In the late 1580s, Queen Elizabeth's support of the Dutch rebels in the Spanish Netherlands led King Philip II of Spain to plan the conquest of England. A giant Spanish invasion fleet was completed by 1587, but Sir Francis Drake's daring raid on the port of Cadiz delayed the Armada's departure until May 1588. The Invincible Armada consisted of 130 ships and carried 2,500 guns and 30,000 men, two-thirds of them soldiers. Delayed by storms, the Armada did not reach the southern coast of England until late July. By that time the British were ready.

On July 21, the outnumbered English navy began bombarding the seven-mile-long line of Spanish ships from a safe distance, taking full advantage of their superior long-range guns. The Spanish Armada continued to advance during the next few days, but its ranks were thinned considerably by the English assault. On July 28, the Spanish retreated to Calais, France, but the English sent ships loaded with explosives into the crowded harbor, which took a heavy toll on the Armada. The next day, an attempt to reach the Netherlands was thwarted by a small Dutch fleet, and the Spanish were forced to face the pursuing English fleet. The superior English guns again won the day, and the Armada retreated north to Scotland.

Battered by storms and suffering from a lack of supplies, the Armada sailed on a difficult journey back to Spain through the North Sea and around Ireland. By the time the last of the surviving fleet reached Spain in October, half of the original armada was destroyed. Queen Elizabeth's decisive defeat of the Invincible Armada made England a world-class naval power and introduced effective long-range weapons into naval warfare for the first time, ending the era of boarding and close-quarter fighting.”


The early years of species protection, May 19, 1715:

“The colony of New York passes a law making it illegal to "gather, rake, take up, or bring to the market, any oysters whatsoever" between the months of May and September. This regulation was only one of many that were passed in the early days of America to help preserve certain species. In recent years, endangered species laws have been enacted in order to criminalize poaching for the protection of animals. However, earlier versions of these laws were more concerned with insuring that hunters would have a steady supply of game.

In 1699, Virginia passed a law to prevent people from shooting deer during half the year and Massachusetts made criminals out of those who exported raccoon furs or skins from the state in 1675.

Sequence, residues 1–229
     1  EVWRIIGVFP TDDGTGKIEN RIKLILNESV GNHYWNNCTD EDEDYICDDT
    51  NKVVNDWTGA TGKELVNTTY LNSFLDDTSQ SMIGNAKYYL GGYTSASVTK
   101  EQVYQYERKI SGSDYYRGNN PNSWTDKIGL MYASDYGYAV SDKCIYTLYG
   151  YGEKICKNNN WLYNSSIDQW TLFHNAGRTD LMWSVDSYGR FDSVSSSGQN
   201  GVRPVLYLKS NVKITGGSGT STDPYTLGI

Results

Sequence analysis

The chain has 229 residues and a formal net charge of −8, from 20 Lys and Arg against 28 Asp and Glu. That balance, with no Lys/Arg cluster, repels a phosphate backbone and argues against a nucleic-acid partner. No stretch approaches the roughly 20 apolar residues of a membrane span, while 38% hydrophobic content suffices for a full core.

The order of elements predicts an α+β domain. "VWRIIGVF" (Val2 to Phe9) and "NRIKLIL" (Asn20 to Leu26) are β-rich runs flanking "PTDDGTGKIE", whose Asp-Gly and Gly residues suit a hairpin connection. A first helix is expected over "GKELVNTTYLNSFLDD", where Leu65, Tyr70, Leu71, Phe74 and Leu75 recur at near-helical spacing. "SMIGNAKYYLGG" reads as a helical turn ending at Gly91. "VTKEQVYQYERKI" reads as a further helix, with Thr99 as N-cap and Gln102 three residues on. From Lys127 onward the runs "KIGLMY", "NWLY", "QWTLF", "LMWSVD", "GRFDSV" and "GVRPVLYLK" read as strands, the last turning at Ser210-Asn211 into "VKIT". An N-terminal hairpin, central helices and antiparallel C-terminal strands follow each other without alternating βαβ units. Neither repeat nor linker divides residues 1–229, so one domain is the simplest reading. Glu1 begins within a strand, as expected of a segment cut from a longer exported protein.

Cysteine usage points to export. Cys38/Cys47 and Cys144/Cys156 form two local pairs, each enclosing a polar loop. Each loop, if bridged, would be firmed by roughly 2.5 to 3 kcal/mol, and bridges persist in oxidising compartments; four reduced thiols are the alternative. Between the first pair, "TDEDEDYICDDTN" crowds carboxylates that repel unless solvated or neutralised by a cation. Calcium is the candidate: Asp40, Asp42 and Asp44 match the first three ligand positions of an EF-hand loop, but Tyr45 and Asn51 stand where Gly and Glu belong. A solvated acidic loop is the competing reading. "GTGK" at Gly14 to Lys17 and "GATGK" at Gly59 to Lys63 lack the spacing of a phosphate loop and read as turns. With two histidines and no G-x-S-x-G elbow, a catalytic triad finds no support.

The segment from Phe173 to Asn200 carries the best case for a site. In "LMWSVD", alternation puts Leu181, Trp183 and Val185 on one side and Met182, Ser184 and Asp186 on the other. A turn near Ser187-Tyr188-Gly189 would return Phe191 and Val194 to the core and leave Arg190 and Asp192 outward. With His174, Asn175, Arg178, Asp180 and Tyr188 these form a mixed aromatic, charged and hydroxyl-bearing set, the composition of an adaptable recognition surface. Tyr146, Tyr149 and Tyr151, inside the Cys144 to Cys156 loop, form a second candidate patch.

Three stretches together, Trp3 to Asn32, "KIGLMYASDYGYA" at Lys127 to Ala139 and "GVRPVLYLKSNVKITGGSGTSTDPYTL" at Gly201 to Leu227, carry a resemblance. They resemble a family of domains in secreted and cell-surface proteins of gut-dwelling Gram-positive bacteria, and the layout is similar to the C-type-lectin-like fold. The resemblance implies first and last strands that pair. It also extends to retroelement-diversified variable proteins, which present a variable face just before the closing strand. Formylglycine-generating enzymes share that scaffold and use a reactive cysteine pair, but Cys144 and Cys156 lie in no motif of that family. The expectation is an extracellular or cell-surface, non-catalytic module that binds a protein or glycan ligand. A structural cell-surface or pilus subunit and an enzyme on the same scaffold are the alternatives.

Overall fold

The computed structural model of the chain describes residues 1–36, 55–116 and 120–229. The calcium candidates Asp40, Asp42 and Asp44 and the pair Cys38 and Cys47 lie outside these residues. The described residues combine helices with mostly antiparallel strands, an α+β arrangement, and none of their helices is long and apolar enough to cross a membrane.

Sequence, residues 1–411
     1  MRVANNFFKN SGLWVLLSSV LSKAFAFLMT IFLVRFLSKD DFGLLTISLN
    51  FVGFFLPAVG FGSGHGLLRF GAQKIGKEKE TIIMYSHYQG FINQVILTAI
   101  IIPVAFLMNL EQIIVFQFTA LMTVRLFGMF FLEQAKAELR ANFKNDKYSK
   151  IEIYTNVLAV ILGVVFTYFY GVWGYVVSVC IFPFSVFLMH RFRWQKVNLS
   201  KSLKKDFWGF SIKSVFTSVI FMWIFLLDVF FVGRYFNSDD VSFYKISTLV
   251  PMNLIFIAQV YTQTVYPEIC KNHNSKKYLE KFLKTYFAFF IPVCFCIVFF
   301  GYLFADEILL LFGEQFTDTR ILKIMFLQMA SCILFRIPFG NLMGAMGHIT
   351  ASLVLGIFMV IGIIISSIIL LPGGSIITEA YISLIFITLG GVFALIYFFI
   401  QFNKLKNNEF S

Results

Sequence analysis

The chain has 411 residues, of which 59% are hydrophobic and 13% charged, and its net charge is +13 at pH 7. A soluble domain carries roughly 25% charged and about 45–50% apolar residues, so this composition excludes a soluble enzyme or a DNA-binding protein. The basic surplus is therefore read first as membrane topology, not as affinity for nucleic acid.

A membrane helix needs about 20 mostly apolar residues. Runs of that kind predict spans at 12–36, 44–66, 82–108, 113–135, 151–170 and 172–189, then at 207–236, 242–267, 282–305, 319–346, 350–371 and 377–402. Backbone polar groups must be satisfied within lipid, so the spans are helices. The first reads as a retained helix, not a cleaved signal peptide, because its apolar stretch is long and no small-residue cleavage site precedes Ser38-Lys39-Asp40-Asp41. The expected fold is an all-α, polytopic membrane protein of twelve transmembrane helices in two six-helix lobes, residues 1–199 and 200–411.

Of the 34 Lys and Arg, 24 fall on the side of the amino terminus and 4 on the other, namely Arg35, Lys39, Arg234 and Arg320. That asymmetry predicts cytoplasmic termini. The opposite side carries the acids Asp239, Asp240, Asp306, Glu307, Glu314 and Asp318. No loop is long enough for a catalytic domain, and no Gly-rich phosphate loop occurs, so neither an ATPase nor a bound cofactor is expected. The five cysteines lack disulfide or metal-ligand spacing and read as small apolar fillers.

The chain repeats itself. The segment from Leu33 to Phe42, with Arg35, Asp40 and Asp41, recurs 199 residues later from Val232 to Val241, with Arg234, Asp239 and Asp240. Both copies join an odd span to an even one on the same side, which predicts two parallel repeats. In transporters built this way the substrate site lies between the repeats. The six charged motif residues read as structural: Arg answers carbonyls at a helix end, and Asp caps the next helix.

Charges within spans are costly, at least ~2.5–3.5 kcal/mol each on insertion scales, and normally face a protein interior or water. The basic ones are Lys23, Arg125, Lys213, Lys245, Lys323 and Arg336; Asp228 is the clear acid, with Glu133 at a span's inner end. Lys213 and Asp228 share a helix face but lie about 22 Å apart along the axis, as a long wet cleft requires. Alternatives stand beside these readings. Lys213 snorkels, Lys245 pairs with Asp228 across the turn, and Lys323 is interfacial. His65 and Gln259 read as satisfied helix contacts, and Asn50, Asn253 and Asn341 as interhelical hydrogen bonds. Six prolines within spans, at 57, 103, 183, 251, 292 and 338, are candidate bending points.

Fish and game laws were not restricted to the East, though. After the near extinction of the buffalo (it is estimated that many millions of these animals were killed during the western expansion of the mid-to-late 1800s), it became a felony to kill buffalo anywhere across the country.”



Dizzy-Dick left a comment on my Tuesday post "Moody Gardens, Galveston, TX. Gordon Cooper. Juice...":
“We have a good juicer but never enough veggies to set it up. I guess we eat the veggies before they can get juiced.”

My Answer:  Most vegetables are better for you when eaten raw.  As I have had a busted jaw, remnant from a drunken husband, I have trouble chewing raw veggies.  Seeing people munching on raw cauliflower, carrots and broccoli, I wish I could do it, too.  That is why I wanted a slow RPM juicer.  The fast ones, like the centrifugal ones, and the imageVitaMix-like ones that Montel Williams, and others tout in the infomercials, damage the cells in the veggies and fruits.   Food costs too much not to get the best benefit out of it.  After a lot of research about the different brands, I finally bought one:

And it will also make nut butters, which I really like.   I can’t wait for it to arrive.


Probably the funniest DUI you'll ever see

“Dumbass + scissor lift + hankerin' for a cold one = a heap of trouble”



Jay and I finally got the troublesome GFI outlet going in the cargo trailer, we hadn’t had any trouble with the other one over the sink, but this one got our goat.  Also we wired up the converter, and it works.

After spending an hour working on the updated description of Prime, my foster cat, for her new prospective ‘parents’, as I went to print it out for them, the power went out momentarily, and I lost it all.  So I had to do all over again, later in the day.


Dizzy-Dick said...

Most all the meat I eat is chicken. Now I don't know what to do. I suppose the arsenic would be in turkey food, also. They eat the same food, right?

LakeConroePenny,TX said...

Hi, DD, Thank you for your comment.

The article says "conventional" chicken. There is no way I could take a bite of "conventional" chicken or beef, knowing how it was raised.

I have seen organic chicken at Walmart and Krogers. I don't know about turkey, as I haven't looked for it yet, but I will now.

I know it is more expensive, but it is more nutritious so you don't have to eat so much.

Happy Tails and Trails, Penny,